The role of rumination in the occurrence of positive effects of experienced traumatic events
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Institute of Psychology, University of Lodz, Lodz, Poland
Submission date: 2015-11-06
Acceptance date: 2015-11-12
Online publication date: 2016-07-11
Publication date: 2016-07-04
Health Psychology Report 2016;4(4):321–331
Cognitive processes play a significant role in both the negative and positive consequences of traumatic experiences. The aim of this research was to investigate the role of rumination in the occurrence of positive effects, in the form of posttraumatic growth, of experienced traumatic events.

Participants and procedure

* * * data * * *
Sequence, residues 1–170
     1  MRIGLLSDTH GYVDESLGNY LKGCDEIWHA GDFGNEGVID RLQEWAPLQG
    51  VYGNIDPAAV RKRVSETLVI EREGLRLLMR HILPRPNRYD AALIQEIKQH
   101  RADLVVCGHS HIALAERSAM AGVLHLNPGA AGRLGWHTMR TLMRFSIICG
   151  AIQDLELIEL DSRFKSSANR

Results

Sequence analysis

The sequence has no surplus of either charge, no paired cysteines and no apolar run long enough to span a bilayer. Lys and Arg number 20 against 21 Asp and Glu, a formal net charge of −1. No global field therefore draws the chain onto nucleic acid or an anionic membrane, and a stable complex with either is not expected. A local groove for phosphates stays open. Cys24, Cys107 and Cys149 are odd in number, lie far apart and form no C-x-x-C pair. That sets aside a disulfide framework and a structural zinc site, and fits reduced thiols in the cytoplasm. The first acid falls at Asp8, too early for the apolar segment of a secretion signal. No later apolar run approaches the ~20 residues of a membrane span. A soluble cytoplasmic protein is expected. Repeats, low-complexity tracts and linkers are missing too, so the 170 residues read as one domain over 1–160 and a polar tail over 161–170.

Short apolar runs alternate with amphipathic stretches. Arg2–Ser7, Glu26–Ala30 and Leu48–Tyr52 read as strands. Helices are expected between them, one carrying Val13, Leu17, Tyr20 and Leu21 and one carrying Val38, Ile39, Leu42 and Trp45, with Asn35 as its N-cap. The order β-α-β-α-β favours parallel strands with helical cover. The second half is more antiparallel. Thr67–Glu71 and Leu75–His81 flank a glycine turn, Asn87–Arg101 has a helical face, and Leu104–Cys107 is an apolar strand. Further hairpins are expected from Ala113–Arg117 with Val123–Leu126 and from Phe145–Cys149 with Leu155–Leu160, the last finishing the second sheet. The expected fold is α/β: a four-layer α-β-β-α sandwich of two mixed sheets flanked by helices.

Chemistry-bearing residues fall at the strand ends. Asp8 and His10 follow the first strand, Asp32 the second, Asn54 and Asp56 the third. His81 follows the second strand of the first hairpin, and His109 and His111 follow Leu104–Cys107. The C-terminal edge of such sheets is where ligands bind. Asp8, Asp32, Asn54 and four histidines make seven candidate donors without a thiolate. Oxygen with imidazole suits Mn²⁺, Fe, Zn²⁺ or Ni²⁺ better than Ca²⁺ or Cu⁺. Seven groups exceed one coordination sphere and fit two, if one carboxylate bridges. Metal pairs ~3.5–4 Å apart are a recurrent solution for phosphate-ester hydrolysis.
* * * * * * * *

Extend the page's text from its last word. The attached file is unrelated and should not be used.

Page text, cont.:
Data were collected from 227 subjects who had experienced traumatic events, including cancer patients (31.30%), women who had experienced domestic violence (39.20%), and medical rescue workers exposed to traumatic events at work (29.50%). The age of participants ranged from 19 to 67 years (M = 40.12, SD = 13.28). The Posttraumatic Growth Inventory was used to measure positive changes, and the Event Related Rumination Inventory was used to assess the two types of ruminations (intrusive and deliberate).

Both types of ruminations (intrusive and deliberate) were positively correlated with the level of posttraumatic growth in the group of cancer patients, and deliberate ruminations were associated with posttraumatic growth in the group of women who had experienced domestic violence and in the medical rescue workers. The results of regression analysis confirmed a significant role of deliberate rumination.

The study of ruminations allows us to better explain the mechanisms underlying the consequences of traumatic experiences.
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